Monday, October 25, 2010

Our last day in Vietnam

Tuesday was our last day in Vietnam and I am reflecting on it as I am on the flight back to the US currently.  We did not have any planned teaching on the agenda for Tuesday so we were on our own.  I stated the day with, of course, an awesome run!  I went along my usually route following the river north and felt almost at home.  The fumes from the pollution were not getting to me anymore, and I barley noticed the crowds and traffic.  It was a very nice run and I was just thinking about how lucky I was to be able to have the time and energy and means to go out and run in the morning.  I also noticed that I have not once checked my pace on these runs all over Vietnam.  I will have to go back at some point and see how I was doing, but I was so into the moment of each run that it was not what mattered to me.  The movement and being there with my thoughts and seeing the sights and people and living right then was what was important. 
After our final breakfast of dragon fruit and the wonderful woman that manages breakfast everyday that greets us with “teacher teacher,” Lori and I were off to shop.  We were on a mission to get our lovely guides some “bling” for their hair, which we were successful of finding at the Ben Ton Market.  We then ran into our fellow teammate Minh in the streets and he showed up where the indoor market was where we did the rest of our shopping.  Being a huge Starbucks fan I also had to check out Highlands’s coffee because that is the biggest there and Starbucks has not entered the market.  I think this coffee was good, but with the US prices they are charged here and at Gloria Jean’s, Starbucks could totally compete and I wonder why they have not entered this market yet.  But I digress. 
After we had finished shopping and walking around the city and had enjoyed our liquid lunch of Highlands coffee it was back to the hotel.  Once we got back I realized I was super tired with all the work and travel catching up to me, so as Lori headed out to check out more sights, I curled up in bed and took a nice long nap, it was so needed as I was starting to feel a bit worn down with the early hours I had been keeping to ensure I ran and still was able to fit everything else into the packed days we have had for the past 2 weeks.  While I was resting, Hoang was out cruising the town on a friend’s motor bike!  I wish I would have coordinated this one better so that I could have take a ride with him, but he had a blast and saw the city from an even more unique perspective.  To sum it up in his words “it will appear that we are going to get into an accident every 2 seconds, but then we won’t.”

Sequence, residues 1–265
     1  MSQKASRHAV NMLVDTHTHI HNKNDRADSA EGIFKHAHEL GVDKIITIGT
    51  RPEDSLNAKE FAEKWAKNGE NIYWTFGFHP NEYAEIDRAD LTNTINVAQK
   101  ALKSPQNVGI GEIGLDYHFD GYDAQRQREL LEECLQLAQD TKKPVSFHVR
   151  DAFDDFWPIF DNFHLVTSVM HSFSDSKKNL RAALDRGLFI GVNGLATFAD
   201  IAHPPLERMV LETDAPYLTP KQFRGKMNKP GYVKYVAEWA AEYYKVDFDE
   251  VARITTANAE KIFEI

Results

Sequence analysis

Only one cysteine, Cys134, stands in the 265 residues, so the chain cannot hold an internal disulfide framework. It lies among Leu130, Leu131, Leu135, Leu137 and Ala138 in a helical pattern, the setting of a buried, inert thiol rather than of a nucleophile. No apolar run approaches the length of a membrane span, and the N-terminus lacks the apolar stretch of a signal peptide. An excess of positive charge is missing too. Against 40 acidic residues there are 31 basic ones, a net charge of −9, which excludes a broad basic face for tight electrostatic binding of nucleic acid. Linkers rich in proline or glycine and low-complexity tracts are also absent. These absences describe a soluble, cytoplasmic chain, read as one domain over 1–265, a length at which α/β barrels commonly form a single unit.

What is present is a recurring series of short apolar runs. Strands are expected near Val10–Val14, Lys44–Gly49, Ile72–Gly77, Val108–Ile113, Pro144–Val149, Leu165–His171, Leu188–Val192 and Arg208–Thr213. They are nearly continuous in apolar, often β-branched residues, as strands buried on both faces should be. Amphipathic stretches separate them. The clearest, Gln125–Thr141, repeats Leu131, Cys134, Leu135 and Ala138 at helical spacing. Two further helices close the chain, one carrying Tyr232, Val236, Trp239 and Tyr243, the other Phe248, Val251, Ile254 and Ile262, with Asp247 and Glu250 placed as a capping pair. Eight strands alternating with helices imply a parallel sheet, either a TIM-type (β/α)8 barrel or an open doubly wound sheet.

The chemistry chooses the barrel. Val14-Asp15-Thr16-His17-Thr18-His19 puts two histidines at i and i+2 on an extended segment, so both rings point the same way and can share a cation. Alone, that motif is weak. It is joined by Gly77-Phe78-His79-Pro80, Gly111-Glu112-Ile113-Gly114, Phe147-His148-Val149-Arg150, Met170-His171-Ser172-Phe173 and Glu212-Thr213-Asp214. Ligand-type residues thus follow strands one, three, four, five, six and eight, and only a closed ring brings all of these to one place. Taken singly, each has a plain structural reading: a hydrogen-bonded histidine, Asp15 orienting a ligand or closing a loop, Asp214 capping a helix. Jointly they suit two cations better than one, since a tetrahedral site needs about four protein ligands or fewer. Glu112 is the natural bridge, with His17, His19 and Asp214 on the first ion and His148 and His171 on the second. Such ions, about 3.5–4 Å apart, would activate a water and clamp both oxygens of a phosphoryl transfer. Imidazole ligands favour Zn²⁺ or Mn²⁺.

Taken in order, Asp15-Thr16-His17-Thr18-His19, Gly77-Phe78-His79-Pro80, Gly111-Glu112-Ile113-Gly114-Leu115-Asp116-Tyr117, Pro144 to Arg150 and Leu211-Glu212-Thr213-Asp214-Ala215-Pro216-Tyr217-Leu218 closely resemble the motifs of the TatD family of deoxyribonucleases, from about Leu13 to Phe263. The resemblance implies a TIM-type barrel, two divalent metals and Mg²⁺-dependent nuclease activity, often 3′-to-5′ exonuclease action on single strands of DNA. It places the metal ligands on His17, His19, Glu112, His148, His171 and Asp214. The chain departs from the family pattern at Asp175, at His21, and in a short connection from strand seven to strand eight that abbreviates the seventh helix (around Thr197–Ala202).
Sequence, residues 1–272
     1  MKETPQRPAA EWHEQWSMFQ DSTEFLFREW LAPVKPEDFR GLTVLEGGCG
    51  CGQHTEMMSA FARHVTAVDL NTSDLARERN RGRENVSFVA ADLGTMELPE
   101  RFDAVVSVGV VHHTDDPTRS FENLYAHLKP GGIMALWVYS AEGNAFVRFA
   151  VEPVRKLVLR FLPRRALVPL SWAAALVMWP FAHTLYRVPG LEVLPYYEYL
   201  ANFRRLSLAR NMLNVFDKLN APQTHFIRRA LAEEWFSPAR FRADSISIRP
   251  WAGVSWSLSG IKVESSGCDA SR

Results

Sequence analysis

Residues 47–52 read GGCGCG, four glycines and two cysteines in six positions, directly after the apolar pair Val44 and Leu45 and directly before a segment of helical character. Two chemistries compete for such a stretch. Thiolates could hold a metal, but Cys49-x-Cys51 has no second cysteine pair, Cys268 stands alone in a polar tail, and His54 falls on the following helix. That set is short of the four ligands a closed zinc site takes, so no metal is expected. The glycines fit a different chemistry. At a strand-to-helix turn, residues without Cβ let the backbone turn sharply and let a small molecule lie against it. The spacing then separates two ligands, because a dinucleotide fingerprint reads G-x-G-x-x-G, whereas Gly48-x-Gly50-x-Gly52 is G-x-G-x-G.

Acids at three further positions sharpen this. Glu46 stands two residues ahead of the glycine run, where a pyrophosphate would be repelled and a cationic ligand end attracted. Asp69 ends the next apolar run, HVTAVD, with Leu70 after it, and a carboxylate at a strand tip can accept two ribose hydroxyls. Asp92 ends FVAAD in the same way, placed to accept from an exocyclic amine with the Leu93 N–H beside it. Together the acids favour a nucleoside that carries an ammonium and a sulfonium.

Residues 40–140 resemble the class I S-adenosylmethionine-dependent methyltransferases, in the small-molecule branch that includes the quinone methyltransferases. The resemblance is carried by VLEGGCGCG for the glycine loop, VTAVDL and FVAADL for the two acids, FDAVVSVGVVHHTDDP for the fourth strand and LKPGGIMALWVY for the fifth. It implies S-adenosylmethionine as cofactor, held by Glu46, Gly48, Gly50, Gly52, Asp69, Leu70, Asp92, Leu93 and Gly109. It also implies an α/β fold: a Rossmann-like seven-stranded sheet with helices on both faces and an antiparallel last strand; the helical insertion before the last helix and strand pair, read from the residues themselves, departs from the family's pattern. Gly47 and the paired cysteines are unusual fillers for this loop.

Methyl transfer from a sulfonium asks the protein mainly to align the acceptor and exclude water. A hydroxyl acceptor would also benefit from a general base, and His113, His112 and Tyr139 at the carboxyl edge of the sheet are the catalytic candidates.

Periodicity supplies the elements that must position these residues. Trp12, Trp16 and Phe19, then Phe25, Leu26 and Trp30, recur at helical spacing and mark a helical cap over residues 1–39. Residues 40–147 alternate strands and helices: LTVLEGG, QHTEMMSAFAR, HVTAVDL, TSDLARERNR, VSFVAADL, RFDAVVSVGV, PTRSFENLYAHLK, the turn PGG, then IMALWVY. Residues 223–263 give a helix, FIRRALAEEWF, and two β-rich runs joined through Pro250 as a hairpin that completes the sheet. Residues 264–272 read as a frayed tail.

Our last commitment of the trip was a hosted dinner at Tad, or Orphan Outreach NGO program lead in Vietnam.  We headed over to the house with everyone on the team besides Minh who was not feeling well that night.  It was a shame because this was our final closing dinner together as a team and we really missed him.  Tad lives in a high rise condo in an international neighborhood across from the international school his wife teaches in.  Their place was small by US standards, but huge by Vietnam Standards. With what appeared to be 2 bedrooms and one bathroom, kitchen, living room, dining room, and laundry room.  It was a lovely place and as a team we were honored to be invited over for dinner with him and his wife.  The meal was amazing!!!  It was the first time I had hummus since I left the states and I was just in heaven with all of the Mediterranean vegetarian treats.  Hoang, our Vietnamese food coinsure, was not too excited to be eating something different, but it was the first time him, Linh, and Diem have tried hummus and they liked it!  It was a really fun evening discussing everything we had done and experienced over the two weeks, and sad at the same time that we would not be waking up and doing it again in the morning.  Yet we had to wrap it up and head back as we had to depart the hotel at 3:50am for our flights back to the US. 
I set my alarm for 2am while I went to sleep at 11pm so that I could get a few mile run in before I had to get on many planes and be traveling for over 24 hours straight.  My last run through the city at two o clock in the morning was maybe one of my favorites of the entire trip.  It was an entire new perspective on the city.  When I left the hotel it felt as though the city was just winding down, there were still people out on the streets walking around, granted very few compared to the usual day or evening, but there was still some life.  As I made my way long the usual streets there were mainly big trucks moving through the city and very few motor bikes and cars.  It was the quietest I have ever experience the place and very peaceful.  It almost looked like a totally different town with all of the store fronts closed and locked up tight.  The only scary part were the rats that were bigger than cats, but they were not all over, and just more surprising than anything else.  As I made my way back to the hotel I noticed that the streets had also cleared of people.  By the time that I got back to the hotel just before 3am it was a ghost town and everyone was asleep for the night including the door man that sleeps in front of the door to keep the hotel secure and had to unlock everything to let me back in.  This last run was the perfect conclusion to my journey to Vietnam.  I have had the wonderful opportunity to do this and to give back and be a part of something larger with a team of amazing people.  I loved every moment here in Vietnam, even the rough ones because there was always something to learn from it.  I came here as part of a group to “teach” about computers and technology, but I realize that I am the one that did I ton of learning in the process. 

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